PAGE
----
SAN JOSE (KPIX 5) – A witness for the prosecution in the Elizabeth Holmes fraud trial testified Tuesday that the Theranos founder was “cagey” in her responses to questions about the company’s technology.

Constance Cullen was a scientist working for pharmaceutical company Schering-Plough, which was interested in the Theranos technology in 2009.

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But in a meeting with Holmes and Theranos executives, Cullen said Holmes gave insufficient answers to technical questions and interrupted other executives to stop them from answering questions.

The deal fell through, but prosecutors showed the jury materials that Holmes later used in a presentation to Walgreens that carried the Schering-Plough logo, falsely portraying the company as having validated the Theranos technology.

“Once it could be an oversight, twice it starts looking intentional,” said Ellen Kreitzberg, professor at the Santa Clara University School of Law.

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Kreitzberg told KPIX 5 it’s the second time the jury has heard that Holmes misrepresented reputable companies, the first being Pfizer.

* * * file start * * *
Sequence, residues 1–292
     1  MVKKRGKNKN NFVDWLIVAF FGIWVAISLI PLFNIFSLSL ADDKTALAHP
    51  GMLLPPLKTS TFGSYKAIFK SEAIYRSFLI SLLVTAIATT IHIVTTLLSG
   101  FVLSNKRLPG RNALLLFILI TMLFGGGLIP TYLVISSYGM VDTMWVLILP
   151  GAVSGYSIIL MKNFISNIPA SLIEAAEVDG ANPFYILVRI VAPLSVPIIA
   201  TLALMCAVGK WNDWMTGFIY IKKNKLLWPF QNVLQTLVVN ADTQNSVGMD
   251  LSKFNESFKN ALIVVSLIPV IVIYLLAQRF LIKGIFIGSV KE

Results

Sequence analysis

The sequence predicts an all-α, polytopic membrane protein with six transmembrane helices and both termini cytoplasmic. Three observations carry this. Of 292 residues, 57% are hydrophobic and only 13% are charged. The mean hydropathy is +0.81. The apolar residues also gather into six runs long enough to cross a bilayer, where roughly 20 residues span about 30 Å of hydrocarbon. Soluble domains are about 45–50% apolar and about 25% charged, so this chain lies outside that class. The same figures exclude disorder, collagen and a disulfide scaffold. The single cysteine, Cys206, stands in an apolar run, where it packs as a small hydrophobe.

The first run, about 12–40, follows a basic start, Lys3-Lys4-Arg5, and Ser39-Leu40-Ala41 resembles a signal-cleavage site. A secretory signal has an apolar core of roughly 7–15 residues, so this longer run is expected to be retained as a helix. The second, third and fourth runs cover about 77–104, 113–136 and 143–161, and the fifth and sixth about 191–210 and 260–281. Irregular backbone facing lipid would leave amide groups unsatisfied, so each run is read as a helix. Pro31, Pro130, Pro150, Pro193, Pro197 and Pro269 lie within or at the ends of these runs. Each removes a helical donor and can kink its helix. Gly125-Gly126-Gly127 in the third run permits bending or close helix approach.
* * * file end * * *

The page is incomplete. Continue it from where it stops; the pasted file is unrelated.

“These are documents that are very straightforward, easy for the public, for jurors to understand. It goes straight to her knowledge of misinformation and from that they can infer that she intended to defraud by doing it,” Kreitzberg said.

Prominent attorney Daniel Mosley next took the witness stand Tuesday.  Mosley said he was asked by his friend, former Secretary of State Henry Kissinger, to investigate Theranos as an investment opportunity for them both.

Mosley said he too was fooled by the Pfizer logo on Theranos documents and had questions about the company.

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Ultimately, Moseley recommended Kissinger invest. Mosley also invested $6 million dollars, after writing to Holmes that he was “enamored” with what she was doing.